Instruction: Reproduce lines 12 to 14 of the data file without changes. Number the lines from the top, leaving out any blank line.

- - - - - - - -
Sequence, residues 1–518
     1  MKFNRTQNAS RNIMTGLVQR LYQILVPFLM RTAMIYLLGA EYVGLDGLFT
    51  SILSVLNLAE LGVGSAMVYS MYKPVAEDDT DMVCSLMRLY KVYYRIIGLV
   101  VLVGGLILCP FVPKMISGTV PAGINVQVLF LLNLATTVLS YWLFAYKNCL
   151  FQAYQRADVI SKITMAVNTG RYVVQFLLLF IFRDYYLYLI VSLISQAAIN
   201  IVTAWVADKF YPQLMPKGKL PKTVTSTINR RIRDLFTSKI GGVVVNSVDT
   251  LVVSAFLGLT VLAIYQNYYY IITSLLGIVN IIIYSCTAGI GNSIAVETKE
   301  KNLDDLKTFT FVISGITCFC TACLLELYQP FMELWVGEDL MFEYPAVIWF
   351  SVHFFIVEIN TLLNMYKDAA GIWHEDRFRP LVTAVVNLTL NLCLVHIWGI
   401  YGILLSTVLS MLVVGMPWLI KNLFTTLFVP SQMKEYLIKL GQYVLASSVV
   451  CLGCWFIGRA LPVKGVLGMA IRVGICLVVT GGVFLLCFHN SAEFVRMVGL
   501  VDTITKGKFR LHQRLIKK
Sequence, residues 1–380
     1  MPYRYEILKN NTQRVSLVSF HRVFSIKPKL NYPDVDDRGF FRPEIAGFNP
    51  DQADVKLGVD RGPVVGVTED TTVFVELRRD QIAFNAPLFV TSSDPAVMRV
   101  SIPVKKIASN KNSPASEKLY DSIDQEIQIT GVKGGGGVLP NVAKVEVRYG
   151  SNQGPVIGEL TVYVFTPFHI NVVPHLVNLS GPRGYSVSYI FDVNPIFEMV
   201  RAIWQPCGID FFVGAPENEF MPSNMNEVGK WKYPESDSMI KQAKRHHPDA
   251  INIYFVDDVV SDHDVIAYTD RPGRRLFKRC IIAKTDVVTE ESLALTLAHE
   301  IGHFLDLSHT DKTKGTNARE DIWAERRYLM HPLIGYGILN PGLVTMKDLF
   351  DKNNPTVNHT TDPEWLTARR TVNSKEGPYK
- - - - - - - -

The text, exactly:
   501  VDTITKGKFR LHQRLIKK
Sequence, residues 1–380
     1  MPYRYEILKN NTQRVSLVSF HRVFSIKPKL NYPDVDDRGF FRPEIAGFNP